Hi everyone - Claire here. I toured the Renew Centre at the Eileen Fisher headquarters almost two years ago, and it was a game-changer for me. It was the most concrete illustration of sustainability values put into practice that I’d ever seen first-hand, and it was really validating to see a household-name company doing exactly the things people told me I shouldn’t bother with in my own, way smaller business. It helped me move designing for product circularity to the top of my priority list without making apologies or excuses for it.
The Eileen Fisher Renew program is an initiative designed to create a fashion future without waste. The brand takes back clothing from customers who no longer wear them and give them a second life. It’s been operating for 10 years (!) now and has seen 1.2 million garments come through the system, being reused or resold instead of being disposed of. Claire had the extreme honor of chatting about the program and circular design with Cynthia Power, director of Eileen Fisher Renew. Overseeing the business, operations and creative team at the Tiny Factory, she’s spearheading the movement for brands taking responsibility for what they put out into the world and reducing the end-of-life impact of their products.
Claire Theaker-Brown: Can we jump right into it? Can I ask what segment of EF’s overall revenue comes from the Renew Program?
Cynthia Power: Renew’s growing. In 2019, we surpassed $4.5 million (USD) in revenue, almost entirely from our online store. [Renew items are also available through Renew stores in Seattle and Irvington, and through several brick-and-mortar Eileen Fisher locations across America.] That’s about 1% of company revenue.
CTB: What are some of the challenges of growing and maintaining the program?
CP: We actually have to be careful about how we market the Renew Program’s buyback initiative so that we don’t overwhelm our operational capacity. The more we market, the more we get back - and we did a big campaign about five years ago that actually created a storage problem. We were sitting on items for over a year, and it was a great learning experience. We’re growing, it’s working, but we’re still figuring it all out.
CTB: Do you have a sense of who your typical Renew supplier is? In other words - what’s the customer profile of the person who sends their preloved Eileen Fisher garments back?
CP: Definitely the core Eileen Fisher customer who has a lot of pieces in her wardrobe. Really, we’re looking to our long-time clients to be our supply - and looking to acquire new customers with the Renew products we’re making. A younger customer who shares our environmental values, who cares about sustainability but can’t afford a new item with a high price tag - that’s who is buying Renew pieces.
CTB: Are there any logistical challenges that come with the Renew Program?
CP: Yes - you start to think about inventory very differently. It takes a lot of time to process individual pieces and triage them - an item may come back and be ready for resale, or it might be part of a different category altogether. [Editor's note: Clothing pieces for the Eileen Fisher Renew program are sent to one of their recycling centers where they are sorted into different categories. Items that are good as new are cleaned and resold, while the rest is transformed into one-of-a-kind pieces using a custom felting technique for the Resewn Collection]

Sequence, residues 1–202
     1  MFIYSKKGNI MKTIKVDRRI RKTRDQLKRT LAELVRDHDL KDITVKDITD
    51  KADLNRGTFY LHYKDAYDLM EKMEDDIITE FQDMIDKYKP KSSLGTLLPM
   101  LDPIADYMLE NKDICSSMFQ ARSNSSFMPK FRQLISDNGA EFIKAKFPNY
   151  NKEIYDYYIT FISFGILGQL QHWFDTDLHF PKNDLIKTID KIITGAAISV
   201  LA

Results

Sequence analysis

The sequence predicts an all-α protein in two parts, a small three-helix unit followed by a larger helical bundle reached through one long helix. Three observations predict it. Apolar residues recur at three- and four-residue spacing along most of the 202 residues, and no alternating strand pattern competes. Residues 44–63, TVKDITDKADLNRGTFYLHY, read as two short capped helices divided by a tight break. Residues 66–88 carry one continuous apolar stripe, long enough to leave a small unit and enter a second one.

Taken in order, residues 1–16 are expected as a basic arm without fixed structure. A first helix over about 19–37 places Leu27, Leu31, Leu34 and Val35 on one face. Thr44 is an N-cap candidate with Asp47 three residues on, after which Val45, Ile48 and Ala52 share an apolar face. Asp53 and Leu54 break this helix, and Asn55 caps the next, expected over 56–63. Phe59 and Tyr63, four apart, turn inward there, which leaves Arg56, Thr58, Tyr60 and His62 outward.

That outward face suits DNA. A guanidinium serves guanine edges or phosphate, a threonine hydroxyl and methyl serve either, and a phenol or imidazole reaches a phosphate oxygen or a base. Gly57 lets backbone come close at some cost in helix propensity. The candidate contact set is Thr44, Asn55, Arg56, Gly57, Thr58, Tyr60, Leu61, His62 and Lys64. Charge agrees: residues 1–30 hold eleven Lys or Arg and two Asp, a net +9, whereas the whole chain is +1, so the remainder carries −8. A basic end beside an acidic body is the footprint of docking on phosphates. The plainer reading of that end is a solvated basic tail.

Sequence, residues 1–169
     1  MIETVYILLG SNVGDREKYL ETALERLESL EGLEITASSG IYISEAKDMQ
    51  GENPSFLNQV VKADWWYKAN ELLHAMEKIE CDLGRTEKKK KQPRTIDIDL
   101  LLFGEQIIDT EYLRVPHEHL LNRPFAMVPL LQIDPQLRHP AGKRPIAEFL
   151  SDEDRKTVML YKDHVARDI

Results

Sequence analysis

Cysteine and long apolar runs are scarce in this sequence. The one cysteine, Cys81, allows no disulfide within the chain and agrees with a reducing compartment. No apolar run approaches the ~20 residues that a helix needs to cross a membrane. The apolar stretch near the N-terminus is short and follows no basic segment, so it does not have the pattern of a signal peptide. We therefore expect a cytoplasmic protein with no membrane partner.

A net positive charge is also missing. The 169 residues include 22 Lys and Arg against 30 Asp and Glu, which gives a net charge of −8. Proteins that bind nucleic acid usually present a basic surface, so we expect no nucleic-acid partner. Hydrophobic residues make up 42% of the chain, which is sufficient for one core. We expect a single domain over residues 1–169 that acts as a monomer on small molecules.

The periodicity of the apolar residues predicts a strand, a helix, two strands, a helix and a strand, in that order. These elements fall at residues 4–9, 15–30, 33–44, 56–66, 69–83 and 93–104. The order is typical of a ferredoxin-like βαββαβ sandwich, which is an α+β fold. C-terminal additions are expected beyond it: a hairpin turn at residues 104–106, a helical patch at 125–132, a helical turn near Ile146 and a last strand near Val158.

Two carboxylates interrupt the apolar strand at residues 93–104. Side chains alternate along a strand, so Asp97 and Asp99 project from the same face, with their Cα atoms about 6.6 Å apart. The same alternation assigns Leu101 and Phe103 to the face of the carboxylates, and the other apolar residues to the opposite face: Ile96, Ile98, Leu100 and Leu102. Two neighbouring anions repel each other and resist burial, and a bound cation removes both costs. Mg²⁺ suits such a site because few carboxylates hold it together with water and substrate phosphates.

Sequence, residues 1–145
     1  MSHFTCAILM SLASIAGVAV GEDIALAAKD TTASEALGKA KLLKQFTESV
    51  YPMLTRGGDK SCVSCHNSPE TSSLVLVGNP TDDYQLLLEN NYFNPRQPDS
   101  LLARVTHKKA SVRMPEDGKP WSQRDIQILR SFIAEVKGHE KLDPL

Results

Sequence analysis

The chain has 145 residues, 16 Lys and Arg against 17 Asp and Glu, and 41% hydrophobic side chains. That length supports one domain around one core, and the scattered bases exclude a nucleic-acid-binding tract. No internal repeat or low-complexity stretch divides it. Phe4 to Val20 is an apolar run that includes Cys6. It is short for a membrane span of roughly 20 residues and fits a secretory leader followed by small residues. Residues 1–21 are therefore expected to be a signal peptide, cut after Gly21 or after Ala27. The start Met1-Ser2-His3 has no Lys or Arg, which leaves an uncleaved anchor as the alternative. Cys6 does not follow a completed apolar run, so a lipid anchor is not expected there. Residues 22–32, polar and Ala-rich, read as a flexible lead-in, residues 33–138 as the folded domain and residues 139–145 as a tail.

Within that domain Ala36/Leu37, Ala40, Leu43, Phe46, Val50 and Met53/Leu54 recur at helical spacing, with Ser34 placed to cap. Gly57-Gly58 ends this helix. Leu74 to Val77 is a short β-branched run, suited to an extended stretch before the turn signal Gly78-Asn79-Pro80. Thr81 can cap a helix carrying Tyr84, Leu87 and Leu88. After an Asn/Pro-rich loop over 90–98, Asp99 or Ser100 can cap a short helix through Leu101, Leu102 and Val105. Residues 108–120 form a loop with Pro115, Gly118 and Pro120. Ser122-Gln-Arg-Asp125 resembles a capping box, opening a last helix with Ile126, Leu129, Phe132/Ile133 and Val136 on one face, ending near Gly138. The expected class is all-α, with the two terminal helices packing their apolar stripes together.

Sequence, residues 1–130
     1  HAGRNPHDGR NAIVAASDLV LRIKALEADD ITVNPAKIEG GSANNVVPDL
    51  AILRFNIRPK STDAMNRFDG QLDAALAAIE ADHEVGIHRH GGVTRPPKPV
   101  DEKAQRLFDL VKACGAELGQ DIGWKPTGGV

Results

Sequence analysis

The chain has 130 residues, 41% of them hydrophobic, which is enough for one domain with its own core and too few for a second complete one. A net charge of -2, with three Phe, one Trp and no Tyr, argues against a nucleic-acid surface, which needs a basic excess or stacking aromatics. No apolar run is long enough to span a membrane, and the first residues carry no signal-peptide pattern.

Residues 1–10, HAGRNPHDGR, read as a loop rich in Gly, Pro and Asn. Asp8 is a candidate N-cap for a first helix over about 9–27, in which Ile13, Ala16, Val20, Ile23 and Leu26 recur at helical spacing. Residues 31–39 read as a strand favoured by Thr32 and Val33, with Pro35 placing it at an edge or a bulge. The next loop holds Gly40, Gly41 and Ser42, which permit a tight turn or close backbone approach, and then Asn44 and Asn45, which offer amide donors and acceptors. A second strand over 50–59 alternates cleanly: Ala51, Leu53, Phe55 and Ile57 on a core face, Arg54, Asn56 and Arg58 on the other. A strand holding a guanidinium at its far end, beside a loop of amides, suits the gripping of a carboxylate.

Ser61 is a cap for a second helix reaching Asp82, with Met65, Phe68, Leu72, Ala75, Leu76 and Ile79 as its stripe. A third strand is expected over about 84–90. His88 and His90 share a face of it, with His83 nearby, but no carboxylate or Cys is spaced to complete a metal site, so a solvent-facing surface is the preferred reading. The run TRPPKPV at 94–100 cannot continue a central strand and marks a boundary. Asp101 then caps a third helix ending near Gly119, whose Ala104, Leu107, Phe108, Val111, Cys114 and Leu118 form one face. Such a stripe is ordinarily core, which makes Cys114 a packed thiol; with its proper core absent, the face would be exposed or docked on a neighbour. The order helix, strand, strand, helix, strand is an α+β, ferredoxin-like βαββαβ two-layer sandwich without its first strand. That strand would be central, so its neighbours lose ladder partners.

We have a partner company called Yertle that runs our resale platform; they also run Patagonia’s Worn Wear and other companies’ circularity initiatives. It’s not inexpensive to sell individual garments - photograph them, upload them, fulfill them - so it’s sort of a trade-off - but we think it’s worth it.
It’s also always easiest to sell products through brick-and-mortar locations. It’s simpler to educate customers as to what the program is, and it turns into a treasure hunt for them.
CTB: We get a lot of people asking if designing for circularity and running a takeback program is “worth it.” You’re a way bigger company than we are - do you face the same questions?
CP: Well, to put it simply - yes, we make money on our resale business. We wouldn't run the Renew Program if it were draining resources all the time, because that’s not sustainable, either. If we were doing straight resale - if we were keeping only what was immediately resalable and discarding everything else - the program would be even more profitable… but that’s not in line with our values.
We like to find ways to make something new out of damaged pieces, which is costly - and we are constantly investing in research and development, which is always heavy on resources. But we believe it’s the right thing to do, and there are other benefits, too - it heightens our brand and shows that we’re living our values.
CTB: We get a lot of pressure to postpone environmental and social sustainability until we’re a bigger company with higher margins. When do you think is the right time to implement a circularity initiative into a business?
CP: If you believe in sustainability and you want it to be a part of your business - I’d say from the beginning. One of the challenges with introducing these programs at a larger scale is that people become worried about revenue cannibalization - and when you’re running a $400-500 million company, there’s a lot more at stake.
So my opinion is - start it now. Let it be tiny. See how it affects your business, your operations, your storytelling. And then see if you can play with it as you grow.-
I want to thank Cynthia so much for taking the time to chat with us about the Renew program. If you are interested in learning more, you can visit their site here, and read profiles on the initiative here, here and here. Photos included in this post are from Claire's visit in 2018.
This month we’ve taken the leap with our tiny Buyback experiment and have been delighted with the response. We’re taking back belts until February 29. Find out more here.